Clash stalls garage plans

Land designation, eventual use of space remain unsettled

May 22, 2000|By Amy Oakes | Amy Oakes,SUN STAFF

First, the question was whether five 100-year-old houses should be razed to make way for the city project. Then it was a matter of who would make that decision. Now the issue is what will occupy the additional commercial space.

Building a parking garage shouldn't be so difficult.

But for Annapolis, the proposed Cecil and Martha Knighton Facility, a much-needed 500-space parking garage to be built at West Street and Colonial Avenue, has become an albatross.

The city's Finance Committee and Planning Commission have suggested to the city council two conflicting uses for the facility as part of their overall recommendations for the 2001 operating budget and capital improvements plan.

The council is scheduled to adopt the $47.5 million budget, which does not propose an increase in the property tax rate, at 7 tonight.

"These people are wasting time," said Cecil C. Knighton, who sold and donated the land for the parking garage almost one year ago. "The city needs parking spaces. They are losing business all the time because of a lack of parking."

Mayor Dean L. Johnson has proposed spending $8.6 million for the design and construction of the Knighton Facility.

The city had planned to raze seven buildings on the 37,000-square-foot site and build the garage last fall, but preservationists stepped in to protect five of the structures until their historic value could be determined. Plans for the houses have yet to be made.

The other two buildings were razed, and the mayor established two committees to research the design and use of the facility as well as the fate of the other five buildings. The committees have been charged with presenting their findings no later than June 15.

The three-member Finance Committee has recommended that the facility be both a parking garage and a city office building for the Planning and Zoning Department. Committee Chairman Joseph Sachs, a Ward 4 Republican, said the department has outgrown its quarters in the old firehouse across from City Hall.

"The building is woefully inadequate," Sachs said.

The lack of space was evident Thursday night as about 30 people were forced to cram into the department's conference room for the Planning Commission's regular meeting because the conference rooms in City Hall were in use.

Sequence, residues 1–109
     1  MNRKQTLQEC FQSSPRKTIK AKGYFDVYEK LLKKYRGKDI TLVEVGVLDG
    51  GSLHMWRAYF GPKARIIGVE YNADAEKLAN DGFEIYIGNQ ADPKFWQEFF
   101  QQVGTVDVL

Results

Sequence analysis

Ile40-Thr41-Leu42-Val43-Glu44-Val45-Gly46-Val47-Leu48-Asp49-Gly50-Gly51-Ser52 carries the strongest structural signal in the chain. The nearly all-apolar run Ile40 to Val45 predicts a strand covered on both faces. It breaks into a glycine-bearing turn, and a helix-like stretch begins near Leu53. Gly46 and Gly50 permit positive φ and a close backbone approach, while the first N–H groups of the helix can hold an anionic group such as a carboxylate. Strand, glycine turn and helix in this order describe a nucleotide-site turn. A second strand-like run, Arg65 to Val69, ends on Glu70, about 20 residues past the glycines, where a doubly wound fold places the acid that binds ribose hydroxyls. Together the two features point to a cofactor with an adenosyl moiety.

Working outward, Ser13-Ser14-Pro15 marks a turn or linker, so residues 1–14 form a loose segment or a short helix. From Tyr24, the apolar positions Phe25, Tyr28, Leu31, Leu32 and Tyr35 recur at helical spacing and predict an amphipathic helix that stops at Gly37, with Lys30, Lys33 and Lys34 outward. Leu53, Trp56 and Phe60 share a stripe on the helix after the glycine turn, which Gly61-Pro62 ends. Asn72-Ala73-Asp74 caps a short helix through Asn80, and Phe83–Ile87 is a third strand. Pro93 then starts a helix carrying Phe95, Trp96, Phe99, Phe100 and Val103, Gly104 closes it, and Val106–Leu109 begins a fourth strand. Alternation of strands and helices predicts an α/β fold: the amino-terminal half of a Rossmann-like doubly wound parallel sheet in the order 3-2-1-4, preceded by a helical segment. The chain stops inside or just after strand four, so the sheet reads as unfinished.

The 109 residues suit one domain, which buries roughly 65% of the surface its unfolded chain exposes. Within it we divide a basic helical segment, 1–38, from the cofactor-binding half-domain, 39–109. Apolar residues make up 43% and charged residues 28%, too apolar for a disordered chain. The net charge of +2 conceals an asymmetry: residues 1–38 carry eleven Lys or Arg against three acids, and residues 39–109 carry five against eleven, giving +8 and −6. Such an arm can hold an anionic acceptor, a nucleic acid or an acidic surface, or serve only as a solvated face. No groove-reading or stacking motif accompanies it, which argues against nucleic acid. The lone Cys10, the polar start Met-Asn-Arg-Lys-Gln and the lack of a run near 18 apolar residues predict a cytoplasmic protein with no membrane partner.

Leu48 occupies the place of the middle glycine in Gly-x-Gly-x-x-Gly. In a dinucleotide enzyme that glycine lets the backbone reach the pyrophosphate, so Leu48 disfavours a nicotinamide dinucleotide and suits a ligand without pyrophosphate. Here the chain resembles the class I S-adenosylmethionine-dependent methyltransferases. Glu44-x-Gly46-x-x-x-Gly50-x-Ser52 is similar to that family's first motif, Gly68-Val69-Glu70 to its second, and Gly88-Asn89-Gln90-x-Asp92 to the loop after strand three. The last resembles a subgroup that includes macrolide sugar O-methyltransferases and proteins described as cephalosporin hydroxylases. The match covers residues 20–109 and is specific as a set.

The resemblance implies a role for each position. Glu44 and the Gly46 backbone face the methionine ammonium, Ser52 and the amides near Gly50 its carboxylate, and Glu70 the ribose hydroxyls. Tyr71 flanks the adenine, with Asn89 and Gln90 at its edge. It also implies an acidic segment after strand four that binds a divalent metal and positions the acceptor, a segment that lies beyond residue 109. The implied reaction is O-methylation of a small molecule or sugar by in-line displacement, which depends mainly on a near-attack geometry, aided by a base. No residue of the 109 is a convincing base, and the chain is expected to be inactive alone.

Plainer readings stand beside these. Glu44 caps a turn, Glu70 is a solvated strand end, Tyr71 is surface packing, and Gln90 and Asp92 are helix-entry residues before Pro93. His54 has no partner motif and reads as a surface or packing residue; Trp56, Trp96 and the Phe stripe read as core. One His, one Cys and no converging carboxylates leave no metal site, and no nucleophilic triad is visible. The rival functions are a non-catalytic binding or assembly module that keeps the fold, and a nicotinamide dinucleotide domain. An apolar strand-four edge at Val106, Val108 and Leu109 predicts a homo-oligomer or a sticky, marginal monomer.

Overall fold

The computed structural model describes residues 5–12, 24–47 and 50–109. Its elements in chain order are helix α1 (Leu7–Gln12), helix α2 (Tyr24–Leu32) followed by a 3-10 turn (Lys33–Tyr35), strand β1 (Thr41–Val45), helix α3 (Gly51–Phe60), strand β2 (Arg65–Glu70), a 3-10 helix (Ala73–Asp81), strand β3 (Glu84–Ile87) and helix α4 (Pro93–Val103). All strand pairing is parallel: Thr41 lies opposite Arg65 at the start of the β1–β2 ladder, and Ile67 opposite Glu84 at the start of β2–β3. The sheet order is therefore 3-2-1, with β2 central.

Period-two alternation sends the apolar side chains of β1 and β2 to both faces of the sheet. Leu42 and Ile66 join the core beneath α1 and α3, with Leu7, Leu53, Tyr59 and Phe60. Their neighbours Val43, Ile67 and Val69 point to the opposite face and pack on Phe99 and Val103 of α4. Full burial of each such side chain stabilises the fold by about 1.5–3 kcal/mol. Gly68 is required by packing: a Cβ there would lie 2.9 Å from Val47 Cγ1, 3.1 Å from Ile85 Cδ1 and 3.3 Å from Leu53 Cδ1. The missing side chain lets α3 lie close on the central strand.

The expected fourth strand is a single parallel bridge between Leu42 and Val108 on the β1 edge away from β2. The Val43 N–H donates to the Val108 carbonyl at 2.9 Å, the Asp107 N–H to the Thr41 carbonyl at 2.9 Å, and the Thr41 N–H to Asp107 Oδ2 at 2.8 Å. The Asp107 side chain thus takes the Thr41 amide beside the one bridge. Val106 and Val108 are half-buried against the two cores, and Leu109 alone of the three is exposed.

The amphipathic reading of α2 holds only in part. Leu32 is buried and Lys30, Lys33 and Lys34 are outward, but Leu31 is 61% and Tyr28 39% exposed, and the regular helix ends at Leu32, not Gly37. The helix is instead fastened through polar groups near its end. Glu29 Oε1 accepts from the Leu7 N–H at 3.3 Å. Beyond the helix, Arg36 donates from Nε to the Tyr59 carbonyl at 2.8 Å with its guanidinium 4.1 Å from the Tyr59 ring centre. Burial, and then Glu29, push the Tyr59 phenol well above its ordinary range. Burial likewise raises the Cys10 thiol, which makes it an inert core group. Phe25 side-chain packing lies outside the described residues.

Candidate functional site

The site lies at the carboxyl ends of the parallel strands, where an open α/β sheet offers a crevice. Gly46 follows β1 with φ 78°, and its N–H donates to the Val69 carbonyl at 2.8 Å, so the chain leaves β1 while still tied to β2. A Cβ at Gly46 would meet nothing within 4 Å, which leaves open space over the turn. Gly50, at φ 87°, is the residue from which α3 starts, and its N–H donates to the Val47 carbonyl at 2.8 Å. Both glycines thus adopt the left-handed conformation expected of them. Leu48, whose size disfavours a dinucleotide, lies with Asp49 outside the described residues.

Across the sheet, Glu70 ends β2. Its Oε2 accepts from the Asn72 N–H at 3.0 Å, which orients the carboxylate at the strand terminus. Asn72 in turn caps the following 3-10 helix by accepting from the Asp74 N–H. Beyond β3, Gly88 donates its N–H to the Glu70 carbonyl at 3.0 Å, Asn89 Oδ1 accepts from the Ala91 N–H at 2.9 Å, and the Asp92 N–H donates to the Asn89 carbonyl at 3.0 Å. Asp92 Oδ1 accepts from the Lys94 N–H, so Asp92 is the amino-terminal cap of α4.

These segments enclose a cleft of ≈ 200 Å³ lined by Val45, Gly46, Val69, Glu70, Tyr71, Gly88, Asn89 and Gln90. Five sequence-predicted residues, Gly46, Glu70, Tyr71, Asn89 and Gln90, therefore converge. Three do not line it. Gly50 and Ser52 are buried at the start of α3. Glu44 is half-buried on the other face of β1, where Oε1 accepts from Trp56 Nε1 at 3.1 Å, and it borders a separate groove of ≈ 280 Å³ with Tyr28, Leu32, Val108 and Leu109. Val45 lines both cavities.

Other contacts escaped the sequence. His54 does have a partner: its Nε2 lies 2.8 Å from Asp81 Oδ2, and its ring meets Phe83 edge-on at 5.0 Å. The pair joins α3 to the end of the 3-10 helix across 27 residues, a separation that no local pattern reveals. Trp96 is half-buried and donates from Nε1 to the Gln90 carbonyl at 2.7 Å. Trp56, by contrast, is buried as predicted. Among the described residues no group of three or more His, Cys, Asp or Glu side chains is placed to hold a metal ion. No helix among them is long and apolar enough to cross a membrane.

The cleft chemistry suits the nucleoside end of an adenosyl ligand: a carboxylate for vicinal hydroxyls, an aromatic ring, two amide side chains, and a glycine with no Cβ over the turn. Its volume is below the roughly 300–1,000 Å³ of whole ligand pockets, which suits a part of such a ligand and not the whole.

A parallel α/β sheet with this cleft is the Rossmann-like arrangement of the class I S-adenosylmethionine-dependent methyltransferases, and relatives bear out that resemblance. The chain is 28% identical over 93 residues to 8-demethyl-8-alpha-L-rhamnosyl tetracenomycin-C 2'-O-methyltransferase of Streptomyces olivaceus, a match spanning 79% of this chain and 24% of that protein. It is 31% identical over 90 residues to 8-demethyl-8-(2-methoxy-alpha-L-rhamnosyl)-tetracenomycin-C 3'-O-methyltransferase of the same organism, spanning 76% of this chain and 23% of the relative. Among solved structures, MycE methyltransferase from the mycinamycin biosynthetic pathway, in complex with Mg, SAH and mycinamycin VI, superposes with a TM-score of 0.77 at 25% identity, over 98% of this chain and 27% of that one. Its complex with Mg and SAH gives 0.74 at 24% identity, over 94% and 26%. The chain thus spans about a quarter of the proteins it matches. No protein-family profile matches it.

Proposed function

At the meeting, which moved into the more spacious city council chambers, the Planning Commission passed a recommendation to approve the mayor's proposed budget with conditions, including leaving undetermined the number of spaces in the garage as well as the use of additional building space.

Some members of the commission said the use of the building space should not be decided until the committees report their findings.

Erich J. Rose, chairman of the Ward One Residents Association's Inner West Street development committee, said the organization wants a mixed-use facility, with office and retail space as well as the garage.

"This is just another last-minute effort by the administration to screw up the process," Rose said.

Johnson said if the project is funded with tax-free municipal bonds, only 5 percent of the facility could be used for nonpublic purposes; the rest would have to be used by city government.

Along with the proposal for the parking garage, the Finance Committee has made several other recommendations to the council, including giving a one-time grant of $15,000 to the Society for the Prevention of Cruelty to Animals in Eastport and decreasing the amount proposed for the Annapolis Heritage area committee.

At one of the five public hearings held by the committee, an SPCA representative asked for money to expand its outdated facility.

During the same hearing, officials with the heritage authority told the committee that the proposed $49,900 from the city would be "seed money" for a proposal to designate Annapolis and parts of South County a state-certified heritage area. The county also is being asked to budget $49,900 for the program.

The designation would make preservation and tourism efforts in the area bounded by U.S. 50, Solomons Island Road, the waterfront and the county line eligible for financial and technical assistance from the Maryland Heritage Areas Authority and other state agencies.

The Finance Committee recommended decreasing the amount to $35,000 based on Alderman Herbert H. McMillan's argument that the county should pay more, Sachs said.

"We accepted Alderman McMillan's comments that the city put in less than the county because more of [the heritage area] is in the county," he said.

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